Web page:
Editor's pick: Originally published Dec. 20.
Retiring in 2040? Put your money here. Set to ride off into the sunset in 2045? Place your funds here and don't worry about a thing. Starting your golden years in 2050? Well, here's a place for your money.
By now, you've surely seen these types of adds for target-date funds, investment vehicles that make allocation decisions based on how old you are now and when you're likely to retire. Yet, if you're only a few years out of college and new to the world of investing, despite their ease of use, they may not be the best place for new investors.
"These set-it-and-forget-it funds, there's a lot of damage done to portfolios," said Kimberly Foss, CFP, best-selling author and President/CEO of Roseville, Calif.-based Empyrion Wealth Management. "When you dive deeper into these funds, it's costly and can reduce your return on investment and that's hurtful for someone in their 20s."
When looking at these funds in a 401(k) or similar retirement plan, investors aren't actually buying an investment or a single asset, but rather a whole bunch of assets.
"What these really are is funds of funds," Foss added. "Their expense ratios are high and allocations to stocks and fixed income might not be appropriate as you get older."
A general rule of thumb for investing is people in their 20s can start off being invested in 90% stocks and 10% fixed income. For every decade closer towards retirement, that ratio gets shifted by 10%. People in their 30s could have a ratio of 80% stocks and 20% bonds, people in their 40s could have a ratio of 70/30 and so forth.
Certain target-date funds, no matter who the provider is, don't change their allocations or their focus depending on age, Foss noted, something that can be detrimental, especially to fixed income, as interest rates begin to rise.
"As interest rates rise, these funds will look at a number of broad benchmarks for bonds and that can do substantial damage in a rising rate environment."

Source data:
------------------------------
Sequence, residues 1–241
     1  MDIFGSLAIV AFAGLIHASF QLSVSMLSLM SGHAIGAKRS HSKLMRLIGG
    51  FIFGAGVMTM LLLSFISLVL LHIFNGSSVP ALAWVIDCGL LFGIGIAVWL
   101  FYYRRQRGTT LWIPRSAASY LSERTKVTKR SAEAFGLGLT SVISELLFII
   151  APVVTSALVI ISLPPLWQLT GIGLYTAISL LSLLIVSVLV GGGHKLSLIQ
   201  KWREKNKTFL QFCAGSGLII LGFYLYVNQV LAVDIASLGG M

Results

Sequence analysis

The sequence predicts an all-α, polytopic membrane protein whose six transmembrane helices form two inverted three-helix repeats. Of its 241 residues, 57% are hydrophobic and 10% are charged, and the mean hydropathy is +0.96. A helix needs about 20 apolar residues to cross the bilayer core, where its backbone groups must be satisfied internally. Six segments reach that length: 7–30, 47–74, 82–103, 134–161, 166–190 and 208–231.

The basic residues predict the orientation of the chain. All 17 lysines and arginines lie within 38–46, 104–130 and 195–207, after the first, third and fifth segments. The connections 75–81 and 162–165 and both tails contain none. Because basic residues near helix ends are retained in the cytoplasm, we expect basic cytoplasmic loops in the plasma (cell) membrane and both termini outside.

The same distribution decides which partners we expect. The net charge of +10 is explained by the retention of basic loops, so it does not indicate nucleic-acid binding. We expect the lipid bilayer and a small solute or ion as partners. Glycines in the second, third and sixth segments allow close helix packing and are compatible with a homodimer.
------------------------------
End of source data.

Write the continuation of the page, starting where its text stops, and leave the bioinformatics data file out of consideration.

Instead, Foss, who helps run $200 million in assets under management at Empyrion, recommends having a financial advisor, even if your net worth isn't in the millions.
On Empyrion's website, as well as many others, there are certain do-it-yourself tools for asset allocations depending upon your age. Even though many websites have slightly different allocation percentages depending upon age, most of them are within a few percentage points of each other. Still, it's important for people not to get intimated, Foss said. "You still need to do your homework or it'll be hard to recover."
Even though there have been countless studies and stories written about the lack of Millennials (defined as those between 18 and 34) investing, Foss believes the old approach just doesn't work anymore.
"It's not just about assets under management anymore -- it's about taking someone's goals and creating a wealth plan, integrating their savings, 401(k)s or 529 plans and helping them with direction or goals. That builds trust and a relationship for a lifetime."
One area where millennials are increasingly looking to shake-up the investing world is fees, as discussed in this Charles Schwab commercial.
Foss said she charges "less than 24 basis points for her firm's services," allowing investors to get access to mutual funds, cheaper. Instead of buying retail class shares, which often have higher fees and expenses associated with them, she buys institutional class shares.
When asked where she was putting money to work, Foss declined to give specific stock picks, but noted that large-cap U.S. and real estate funds looked attractive.
Still, Millennials are often deep-rooted in their faiths and it's been difficult to grab their attention, no matter the approach. Despite some of traditional banks and financial advisors best efforts in targeting this group -- which views everything differently, from home ownership to marriage to owning a car -- they've come up short in acquiring them as clients.
Appealing to their love of technology and ease of use, though could come in handy down the line, though.
Companies that have focused on technology, specifically mobile, might be the way millennials invest in the future, Foss said. That's where robo-advisors, companies which invest automatically depending on age, risk profile and a variety of other factors, come in. "My daughter uses Acorns, and Betterment has a good allocation and keeps its fees relatively low," Foss said.
Acorns and Betterment have attracted millions of dollars in investment. Acorns recently raised a $30 million Series D round, led by PayPal (PYPL) while Betterment raised $100 million in a Series E funding round.
But at the end of the day, while a robo-advisor is a "great alternative," it still comes down to fundamentals that any age group has to understand and adhere to, Foss cautioned. "You've got to be careful and do your homework. No matter what happens, there is no substitute for doing your own homework," she said.